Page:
My mother`s youngest child died on such a barge while they were being transported. My mother bribed the captain with her wedding ring to pull over to the bank so the baby could be buried. The ground was frozen, so she, the baby Teresa, had to be buried in a snow bank.
Many people died in the camp. The old and the young didn't last long. My mothers next youngest child, 5 year old Marian, died next, followed by 6 year old Danuta. My sister Zofia, 8 at the time, knew she was next. She prayed she could have a piece of bread before she died, not with anything on it, just a plain piece of bread."
John loved his sister Zofia. Her experience of the camps and her starvation had given her an obsessive attitude to food. Her tables were always filled with food, and when he spent time with her, all she would do was feed him. He loved the attention, but there was a deep anxiety to it all.
Last year, Zofia died, falling down some stairs. With that fall, John was left alone. It was around about then, that his cancer got worse.
John had about 4 cancers in his body - across his kidneys, liver, bone and I think pancreas. He had been living with these cancers for years. I was amazed he was in the state he was. He was in such poor state, I knew he probably didn't have long to live.
I tried to forget my own experiences and professional work when I was in our group therapy. I was desperate for him to go to the Marie Curie hospice, to meet the teams and begin palliative care, but I didn't try to help him. It wasn't about helping him practically, but helping him engage with his own life, uncover, investigate it.
John was indignant about his treatments. He didn't want to go the hospice. He would pour over all the research, all the findings, all the papers about his treatments he was getting at the Royal Free. He would undergo numerous surgeries and treatments to keep the cancers at bay.
His life was a litany of abuses. His body was under siege, eating away at itself. But he was somehow managing to stay alive.
We talked with him about his attitude to life as staying as still as possible, to stay alive as long as possible, without actually living.
He wasn't living for anything in particular. His daughters, now adults, had a strained relationship with him. One lived in California and he barely saw her. They loved him dearly, obviously, it was clear to us. But he would not tell them the extent of his illness. We knew more about him than his own family. We knew the pain he carried, about his family, his sister. But we felt it too.
I struggle to make sense of what happened in John's life. On one level, I really felt his silence mirrored my own grandmother, who fled the Russians after the second world war, and grandfather who was imprisoned by the Russians in a Gulag. Their silence, their coldness in raising my mother in refugee camps in Germany has imprinted on me, and my brothers, in a way that is hard to describe. It is one large reason I am in therapy myself. It is perhaps one reason why John and I were together in the first place.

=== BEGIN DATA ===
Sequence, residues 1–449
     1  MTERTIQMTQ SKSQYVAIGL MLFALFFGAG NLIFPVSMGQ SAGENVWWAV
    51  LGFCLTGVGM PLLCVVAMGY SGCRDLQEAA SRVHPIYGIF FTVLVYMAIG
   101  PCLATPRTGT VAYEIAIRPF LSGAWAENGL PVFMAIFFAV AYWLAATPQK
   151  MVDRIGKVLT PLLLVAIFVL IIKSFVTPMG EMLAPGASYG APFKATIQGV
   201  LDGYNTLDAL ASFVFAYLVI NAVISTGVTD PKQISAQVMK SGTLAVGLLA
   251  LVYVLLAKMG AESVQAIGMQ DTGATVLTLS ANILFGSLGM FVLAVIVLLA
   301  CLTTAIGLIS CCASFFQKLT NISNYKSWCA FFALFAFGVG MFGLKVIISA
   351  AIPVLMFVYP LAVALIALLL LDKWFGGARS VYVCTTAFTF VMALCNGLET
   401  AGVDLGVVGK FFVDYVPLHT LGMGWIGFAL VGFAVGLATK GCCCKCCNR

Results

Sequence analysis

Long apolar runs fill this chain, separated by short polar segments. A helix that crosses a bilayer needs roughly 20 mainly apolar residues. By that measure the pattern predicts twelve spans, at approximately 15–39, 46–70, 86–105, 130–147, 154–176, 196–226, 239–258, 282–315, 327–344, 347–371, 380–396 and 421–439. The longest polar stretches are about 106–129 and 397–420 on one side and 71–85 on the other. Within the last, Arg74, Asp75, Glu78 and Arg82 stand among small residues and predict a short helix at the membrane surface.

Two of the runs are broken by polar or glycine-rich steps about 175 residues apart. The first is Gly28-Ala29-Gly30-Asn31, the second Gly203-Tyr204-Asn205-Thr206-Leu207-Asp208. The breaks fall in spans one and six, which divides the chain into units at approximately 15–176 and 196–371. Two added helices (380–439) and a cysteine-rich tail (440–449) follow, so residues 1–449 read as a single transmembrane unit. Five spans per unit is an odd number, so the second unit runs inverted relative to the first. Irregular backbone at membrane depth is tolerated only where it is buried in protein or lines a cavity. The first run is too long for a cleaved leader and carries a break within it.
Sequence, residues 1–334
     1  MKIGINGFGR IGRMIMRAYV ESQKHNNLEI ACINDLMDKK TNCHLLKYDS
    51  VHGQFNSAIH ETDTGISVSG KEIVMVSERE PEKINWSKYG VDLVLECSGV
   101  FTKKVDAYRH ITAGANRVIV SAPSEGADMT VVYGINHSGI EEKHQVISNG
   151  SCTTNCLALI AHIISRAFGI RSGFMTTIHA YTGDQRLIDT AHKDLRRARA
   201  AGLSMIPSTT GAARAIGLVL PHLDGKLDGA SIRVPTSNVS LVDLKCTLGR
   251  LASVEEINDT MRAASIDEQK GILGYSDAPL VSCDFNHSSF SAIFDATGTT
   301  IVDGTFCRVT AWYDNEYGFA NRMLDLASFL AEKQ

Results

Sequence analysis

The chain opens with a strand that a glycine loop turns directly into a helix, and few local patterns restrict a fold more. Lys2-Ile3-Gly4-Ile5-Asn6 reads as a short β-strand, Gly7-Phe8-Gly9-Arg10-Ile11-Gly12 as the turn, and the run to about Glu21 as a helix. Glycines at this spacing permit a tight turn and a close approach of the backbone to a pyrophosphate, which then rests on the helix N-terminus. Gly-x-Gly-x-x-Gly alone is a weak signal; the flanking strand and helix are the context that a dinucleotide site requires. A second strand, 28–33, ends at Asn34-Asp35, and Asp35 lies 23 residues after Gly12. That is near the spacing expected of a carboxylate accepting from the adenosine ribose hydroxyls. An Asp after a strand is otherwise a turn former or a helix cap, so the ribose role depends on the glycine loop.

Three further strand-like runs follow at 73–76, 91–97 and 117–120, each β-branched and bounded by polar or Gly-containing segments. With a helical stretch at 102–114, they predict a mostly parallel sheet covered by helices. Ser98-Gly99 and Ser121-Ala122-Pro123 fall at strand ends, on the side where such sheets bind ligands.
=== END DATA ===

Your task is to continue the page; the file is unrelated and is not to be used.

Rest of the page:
Just before Christmas, John was talking about wanting to take a trip to Japan. It was the last place he'd ever wanted to go.
In those last session, with cancer throughout his body, his life in a frozen stasis, he lit a candle for this life he'd once had. I was talking about my recent marriage, and how happy I was. He talked about meeting his wife for the first time. A woman he'd met in the US, in California, and the adventure they'd had.
This John, this mysterious younger John, without any of the agony of injury and cancer, perhaps successfully suppressing his family history, was a man full of life. He talked about meeting this beautiful woman, convincing her to travel with him across the Southwest in a car, going from state to state. He laughed as he recounted his stories about the Grand Canyon and Florida swamps. It was so beautiful to see this younger, care-free man shine through this frozen, still man in front of me.
That was the last time I saw him.
After Christmas, notes would come through - making excuses, which were common - that he couldn't come to the therapy session. He was ill. He couldn't travel.
We knew it was coming eventually. I knew it would come. I didn't know how I felt about it. I still don't.
I didn't think I'd ever mourn the loss of someone like John. Grieve for his life, his sister, his family. These people I never met.
But in his quiet way, he taught me a lot about sadness, loss, life and myself. He was like a friend to me, even a father to me. He was this man I talked with, about every little detail in my inner life, every Thursday for an hour and a half, and now he's gone.